In the October/November 2010 issue of American Music Teacher, Rebecca Johnson pointed out a study done on whether female attire affects how audiences perceive females’ performances. Griffiths, the author of the study, concluded (in my own blunt summary) that women who dress in sexy clothes on stage are perceived as having less musical ability than those who dress in non-sexy clothes (whether formal concert dress or informal jeans).1 There were an equal number of men and women in the audience of this study, so it can’t be chalked up to male chauvinism. At first it would seem to show that women are judged unfairly based on how they dress. But I believe men would be subject to the same judgments if they showed up on stage with an outfit that is obviously designed to be “sexy.”
First of all, what would “sexy” classical concert attire even look like for men? Are we talking about a white spandex shirt paired with tight-fitting leather pants and jacket? Would such a suit show skin? (Perhaps some chest or armpit hair?) Seriously, I’ve never personally seen a single male pianist attempt to wear clothes that come across as sexy on stage the same way a sexy dress does, unless you happen to find the orange pants that Christopher Taylor wore to the 1993 Van Cliburn Competition “sexy.” While there is a moderate variety of mens’ attire in clothing magazines (only moderate though, compared to womens’ magazines), the concert stage puts far more rigid restrictions on what men can wear. In live performances given by males, I’ve seen suits of various colors (black, white, and almost all colors between), suits with ties, suits without ties, suits with mock turtlenecks, shirts with ties, shirts without ties, and once in a while, a silk shirt and slacks. I’ve also seen male performers dress down when performing jazz music, but I always get the impression that this is an attempt to portray a certain attitude rather than a certain level of sexuality: they want to promote themselves as being perhaps more genuine, down-to-earth and connected to the audience (a way to humble themselves in front of the audience), or perhaps convey a sense of security and confidence on stage since they’re comfortable enough in front of the audience to appear in their regular clothes. Ironically, this is either an attitude of extreme humility or extreme confidence.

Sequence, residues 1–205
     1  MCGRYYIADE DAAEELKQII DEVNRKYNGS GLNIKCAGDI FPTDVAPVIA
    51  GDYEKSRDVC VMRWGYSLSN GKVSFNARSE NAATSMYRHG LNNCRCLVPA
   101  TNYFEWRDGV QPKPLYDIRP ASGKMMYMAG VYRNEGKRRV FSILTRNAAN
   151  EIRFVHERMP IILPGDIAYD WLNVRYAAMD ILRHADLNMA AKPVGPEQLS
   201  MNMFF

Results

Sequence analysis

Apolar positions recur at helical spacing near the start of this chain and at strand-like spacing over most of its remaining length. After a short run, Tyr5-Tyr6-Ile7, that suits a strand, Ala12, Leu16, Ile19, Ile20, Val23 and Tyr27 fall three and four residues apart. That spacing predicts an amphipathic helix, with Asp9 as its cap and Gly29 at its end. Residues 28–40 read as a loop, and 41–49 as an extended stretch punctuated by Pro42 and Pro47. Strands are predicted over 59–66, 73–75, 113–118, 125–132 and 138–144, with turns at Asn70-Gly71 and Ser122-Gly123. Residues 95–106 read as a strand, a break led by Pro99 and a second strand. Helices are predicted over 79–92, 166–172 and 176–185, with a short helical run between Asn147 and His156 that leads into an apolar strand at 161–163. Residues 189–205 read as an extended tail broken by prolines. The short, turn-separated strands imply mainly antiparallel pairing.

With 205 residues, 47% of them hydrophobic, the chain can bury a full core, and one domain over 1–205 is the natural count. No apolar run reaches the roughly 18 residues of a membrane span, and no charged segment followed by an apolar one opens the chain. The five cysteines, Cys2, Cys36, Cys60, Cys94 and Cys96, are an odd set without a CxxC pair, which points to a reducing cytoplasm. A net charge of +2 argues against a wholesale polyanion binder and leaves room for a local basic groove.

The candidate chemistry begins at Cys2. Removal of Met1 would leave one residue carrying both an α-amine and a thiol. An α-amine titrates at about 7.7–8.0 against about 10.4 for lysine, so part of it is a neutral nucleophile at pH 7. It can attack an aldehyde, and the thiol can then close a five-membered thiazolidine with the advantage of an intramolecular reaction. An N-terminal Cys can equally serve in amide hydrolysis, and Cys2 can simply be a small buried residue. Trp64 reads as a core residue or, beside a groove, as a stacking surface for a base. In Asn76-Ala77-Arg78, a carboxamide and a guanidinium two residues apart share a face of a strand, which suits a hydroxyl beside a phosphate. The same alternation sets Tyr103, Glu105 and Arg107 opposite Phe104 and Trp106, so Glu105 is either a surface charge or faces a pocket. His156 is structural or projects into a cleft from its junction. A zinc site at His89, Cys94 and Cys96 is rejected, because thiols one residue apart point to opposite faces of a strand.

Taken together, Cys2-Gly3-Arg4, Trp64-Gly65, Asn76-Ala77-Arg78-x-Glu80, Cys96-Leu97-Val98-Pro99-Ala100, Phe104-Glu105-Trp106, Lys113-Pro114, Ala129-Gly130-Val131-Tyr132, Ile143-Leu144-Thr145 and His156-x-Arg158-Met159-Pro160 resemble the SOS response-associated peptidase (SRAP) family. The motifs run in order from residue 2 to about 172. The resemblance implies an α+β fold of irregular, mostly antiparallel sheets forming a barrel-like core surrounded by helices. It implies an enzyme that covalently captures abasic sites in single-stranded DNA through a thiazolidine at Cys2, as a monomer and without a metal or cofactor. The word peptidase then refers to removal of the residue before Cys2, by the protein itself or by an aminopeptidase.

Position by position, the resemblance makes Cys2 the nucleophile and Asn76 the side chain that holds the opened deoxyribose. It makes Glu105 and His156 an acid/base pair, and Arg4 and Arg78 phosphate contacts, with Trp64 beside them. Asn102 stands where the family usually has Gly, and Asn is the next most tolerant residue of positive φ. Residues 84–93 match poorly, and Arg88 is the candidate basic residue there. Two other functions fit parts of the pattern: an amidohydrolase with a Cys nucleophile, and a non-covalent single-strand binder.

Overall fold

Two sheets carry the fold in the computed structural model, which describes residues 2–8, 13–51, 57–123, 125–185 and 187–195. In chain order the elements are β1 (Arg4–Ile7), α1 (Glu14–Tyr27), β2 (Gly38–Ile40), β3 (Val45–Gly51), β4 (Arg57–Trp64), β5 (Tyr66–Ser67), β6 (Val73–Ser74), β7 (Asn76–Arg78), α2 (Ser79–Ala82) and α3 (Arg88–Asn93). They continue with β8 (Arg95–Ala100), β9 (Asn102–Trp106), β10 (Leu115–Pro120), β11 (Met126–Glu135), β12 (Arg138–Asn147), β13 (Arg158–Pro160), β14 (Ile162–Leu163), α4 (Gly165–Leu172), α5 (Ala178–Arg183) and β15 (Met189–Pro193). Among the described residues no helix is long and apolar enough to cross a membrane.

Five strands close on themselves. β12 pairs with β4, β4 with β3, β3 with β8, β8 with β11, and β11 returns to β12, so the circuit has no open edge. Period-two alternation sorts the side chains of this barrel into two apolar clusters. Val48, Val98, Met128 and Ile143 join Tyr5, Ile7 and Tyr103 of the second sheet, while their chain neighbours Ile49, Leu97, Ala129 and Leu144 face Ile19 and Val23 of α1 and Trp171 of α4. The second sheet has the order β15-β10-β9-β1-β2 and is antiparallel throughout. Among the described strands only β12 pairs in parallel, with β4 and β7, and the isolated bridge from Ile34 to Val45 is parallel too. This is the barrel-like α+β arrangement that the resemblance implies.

In reality, the contrast that exists between “conservative” and “outwardly sexy” womens’ attire is drastically reduced in mens’ attire, and the suggestion that women are uniquely affected by bias against sexy clothing is flawed for this reason alone. No fair comparison really exists for men.